The smart electricity market in the European Union is expected to expand rapidly in coming years, according to a report by Greenbang, an independent sustainability research house, which sees the meter market hitting between $24bn and $26bn by 2020
Government initiatives, growing demand for energy, and rising oil prices are all expected to result in between 133m to 145m new smart meters being installed by the end of the decade. Recently the EU set the target of installing smart meters in 80 per cent of households by 2020.
The report stated:
The top countries for this market will probably be those that haven’t yet implemented smart metering on any meaningful scale: Germany, the UK and Poland. France and Spain are also set to make a significant impact in the next few years, with announced projects already in the
It is estimated that only about 53m smart meters are currently installed across Europe.
The UK has trumped the EU target, and is striving for 100 per cent coverage. Recently, Chris Huhne, the country’s energy secretary, outlined initial plans to roll-out smart meters across the UK as part of the government’s upcoming overhaul of the power system.
A key driver is the changing nature of the energy supply as renewable sources, like wind and solar energy, play a bigger part. These, however, are intermittent by their nature, and will require the kind of complex management that smart meters provide.
In 2008, for example, utilities in Texas were able to keep the lights on even when low winds reduced turbine output to near nothing … because smart demand response enabled them to automatically and temporarily reduce energy consumption by devices like refrigerators that don’t require continuous power to function.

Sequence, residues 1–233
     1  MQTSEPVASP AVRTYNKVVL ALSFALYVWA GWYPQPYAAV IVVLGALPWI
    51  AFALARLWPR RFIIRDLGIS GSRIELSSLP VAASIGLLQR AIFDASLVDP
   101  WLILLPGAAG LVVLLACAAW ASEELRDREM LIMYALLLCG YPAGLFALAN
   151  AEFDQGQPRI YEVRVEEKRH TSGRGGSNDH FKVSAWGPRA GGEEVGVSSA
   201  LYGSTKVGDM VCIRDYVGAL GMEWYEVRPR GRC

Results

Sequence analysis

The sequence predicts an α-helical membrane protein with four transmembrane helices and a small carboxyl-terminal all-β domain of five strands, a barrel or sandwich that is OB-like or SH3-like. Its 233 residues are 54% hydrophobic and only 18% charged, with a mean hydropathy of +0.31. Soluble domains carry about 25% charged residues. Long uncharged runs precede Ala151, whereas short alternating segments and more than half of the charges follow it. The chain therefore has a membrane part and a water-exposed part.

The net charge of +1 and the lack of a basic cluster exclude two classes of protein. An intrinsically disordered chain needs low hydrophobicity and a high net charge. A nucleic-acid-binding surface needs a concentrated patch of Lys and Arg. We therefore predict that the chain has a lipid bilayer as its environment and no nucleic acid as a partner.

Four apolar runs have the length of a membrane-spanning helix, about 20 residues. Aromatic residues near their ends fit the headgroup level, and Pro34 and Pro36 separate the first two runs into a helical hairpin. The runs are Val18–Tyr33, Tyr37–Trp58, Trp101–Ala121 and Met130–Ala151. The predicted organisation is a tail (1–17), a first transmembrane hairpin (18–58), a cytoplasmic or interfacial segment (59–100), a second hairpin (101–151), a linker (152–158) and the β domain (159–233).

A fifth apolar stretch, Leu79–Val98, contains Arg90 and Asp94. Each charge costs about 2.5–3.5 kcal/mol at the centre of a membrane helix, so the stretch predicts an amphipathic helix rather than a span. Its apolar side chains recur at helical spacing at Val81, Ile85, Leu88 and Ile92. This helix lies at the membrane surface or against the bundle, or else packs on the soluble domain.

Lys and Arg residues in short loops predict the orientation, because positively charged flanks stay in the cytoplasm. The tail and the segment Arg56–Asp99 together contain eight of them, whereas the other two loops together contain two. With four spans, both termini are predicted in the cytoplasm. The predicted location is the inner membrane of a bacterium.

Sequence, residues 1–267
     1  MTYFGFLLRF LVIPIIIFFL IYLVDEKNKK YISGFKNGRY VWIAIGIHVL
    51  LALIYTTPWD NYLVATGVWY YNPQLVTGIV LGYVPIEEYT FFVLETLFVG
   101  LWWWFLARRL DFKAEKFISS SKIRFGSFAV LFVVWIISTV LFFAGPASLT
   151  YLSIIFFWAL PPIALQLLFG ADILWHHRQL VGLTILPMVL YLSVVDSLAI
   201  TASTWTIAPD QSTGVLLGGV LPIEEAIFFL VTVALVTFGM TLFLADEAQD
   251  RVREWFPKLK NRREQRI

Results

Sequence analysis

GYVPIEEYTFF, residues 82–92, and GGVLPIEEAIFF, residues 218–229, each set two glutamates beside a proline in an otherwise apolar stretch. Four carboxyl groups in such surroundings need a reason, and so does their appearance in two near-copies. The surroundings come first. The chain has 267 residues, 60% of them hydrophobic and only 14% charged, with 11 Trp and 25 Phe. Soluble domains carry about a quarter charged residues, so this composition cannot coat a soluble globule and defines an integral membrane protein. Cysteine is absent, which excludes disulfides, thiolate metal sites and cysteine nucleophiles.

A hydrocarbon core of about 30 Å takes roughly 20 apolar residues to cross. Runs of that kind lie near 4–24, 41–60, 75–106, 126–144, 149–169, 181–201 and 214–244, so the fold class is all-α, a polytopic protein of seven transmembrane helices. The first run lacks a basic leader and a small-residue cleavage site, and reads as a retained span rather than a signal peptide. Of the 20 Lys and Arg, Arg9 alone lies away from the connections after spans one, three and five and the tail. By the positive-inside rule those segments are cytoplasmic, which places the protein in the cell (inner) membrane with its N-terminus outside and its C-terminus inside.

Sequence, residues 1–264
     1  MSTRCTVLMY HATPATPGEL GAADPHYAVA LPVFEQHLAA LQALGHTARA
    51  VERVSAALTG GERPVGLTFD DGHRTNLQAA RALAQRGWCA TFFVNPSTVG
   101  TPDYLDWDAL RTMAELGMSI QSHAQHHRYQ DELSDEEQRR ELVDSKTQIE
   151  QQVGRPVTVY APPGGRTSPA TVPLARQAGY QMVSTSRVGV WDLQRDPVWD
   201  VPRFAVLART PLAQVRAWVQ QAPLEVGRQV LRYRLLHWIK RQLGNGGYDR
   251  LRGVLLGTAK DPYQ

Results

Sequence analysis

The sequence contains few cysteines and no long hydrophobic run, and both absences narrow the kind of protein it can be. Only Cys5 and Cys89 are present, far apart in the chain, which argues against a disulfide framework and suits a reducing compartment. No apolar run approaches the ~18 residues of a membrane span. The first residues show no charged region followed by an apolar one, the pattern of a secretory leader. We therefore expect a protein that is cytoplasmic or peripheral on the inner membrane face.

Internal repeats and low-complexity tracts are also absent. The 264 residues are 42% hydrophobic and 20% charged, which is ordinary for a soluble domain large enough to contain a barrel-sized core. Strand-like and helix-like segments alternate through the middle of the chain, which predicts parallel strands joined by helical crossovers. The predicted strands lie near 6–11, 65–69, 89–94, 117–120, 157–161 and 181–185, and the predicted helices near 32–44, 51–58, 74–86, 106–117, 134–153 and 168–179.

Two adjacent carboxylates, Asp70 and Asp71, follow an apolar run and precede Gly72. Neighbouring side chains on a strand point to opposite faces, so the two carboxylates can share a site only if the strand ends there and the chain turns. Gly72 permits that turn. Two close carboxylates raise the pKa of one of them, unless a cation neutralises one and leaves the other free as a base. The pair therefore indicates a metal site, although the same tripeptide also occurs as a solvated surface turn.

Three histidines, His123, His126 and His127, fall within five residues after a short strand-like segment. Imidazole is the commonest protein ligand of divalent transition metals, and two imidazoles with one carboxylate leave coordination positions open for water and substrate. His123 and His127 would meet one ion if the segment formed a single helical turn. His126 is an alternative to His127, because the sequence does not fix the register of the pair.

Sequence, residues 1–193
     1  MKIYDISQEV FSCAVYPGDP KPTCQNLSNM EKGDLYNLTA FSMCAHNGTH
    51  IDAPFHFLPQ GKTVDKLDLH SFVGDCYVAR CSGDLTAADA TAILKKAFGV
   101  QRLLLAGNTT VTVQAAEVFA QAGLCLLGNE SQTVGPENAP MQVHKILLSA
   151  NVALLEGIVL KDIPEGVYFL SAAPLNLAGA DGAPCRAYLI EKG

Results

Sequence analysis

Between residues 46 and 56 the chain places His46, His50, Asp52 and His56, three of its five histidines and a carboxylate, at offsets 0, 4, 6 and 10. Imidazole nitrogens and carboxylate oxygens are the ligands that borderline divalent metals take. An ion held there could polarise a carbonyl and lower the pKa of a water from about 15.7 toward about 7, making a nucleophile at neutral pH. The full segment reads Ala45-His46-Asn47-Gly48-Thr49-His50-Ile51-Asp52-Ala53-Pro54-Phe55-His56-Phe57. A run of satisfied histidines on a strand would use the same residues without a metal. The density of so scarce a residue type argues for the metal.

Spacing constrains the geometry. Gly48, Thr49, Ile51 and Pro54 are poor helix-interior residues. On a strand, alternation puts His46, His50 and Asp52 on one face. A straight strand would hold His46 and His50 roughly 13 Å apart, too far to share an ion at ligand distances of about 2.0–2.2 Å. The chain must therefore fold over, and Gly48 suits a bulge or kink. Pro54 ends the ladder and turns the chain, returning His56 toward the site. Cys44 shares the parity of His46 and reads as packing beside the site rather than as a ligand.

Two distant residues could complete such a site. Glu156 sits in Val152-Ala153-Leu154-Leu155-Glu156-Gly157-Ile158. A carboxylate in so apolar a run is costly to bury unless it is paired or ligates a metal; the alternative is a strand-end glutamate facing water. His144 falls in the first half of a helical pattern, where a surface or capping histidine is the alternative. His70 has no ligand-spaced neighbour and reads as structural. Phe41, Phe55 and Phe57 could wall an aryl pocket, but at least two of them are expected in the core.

The number of players in the market is large and it remains to be seen which companies will become dominant as the market grows and matures. Echelon, a California-based company, is cited by the report as the most influential. It has worked with Enel Spa on the largest metering project to date – 27m units installed in Italy between 2000 and 2005. Enel is currently planning a 13m roll-out in Spain.
Switzerland-based Landis+Gyr is also a key player. It has partnered with EDF on project Linky, aiming to install 35m smart meters in France between 2012 and 2017. In the UK it is working with British Gas. Landis is also leading the drive for interoperability standards across the industry.
Sentec is expected by the reports authors to grow significantly as the UK launches its massive smart meter roll-out. The Cambridge, UK-based company, has a working partnership with the National Grid, one of the country’s biggest utility groups.
The obstacles to adoption are the standard problems faced by many new technologies, namely cost, a lack of standards and initial resistance by consumers. Ultimately, the report says, the cost burden will have to fall on the households who have the new technology installed.
If the capital needed to realise these projects spurs wider adoption of the smart meter technology, it seems the EU is likely to have a very different energy infrastructure in 2020 to the one it has now.
A paid-for version of the report is available on the Greenbang website.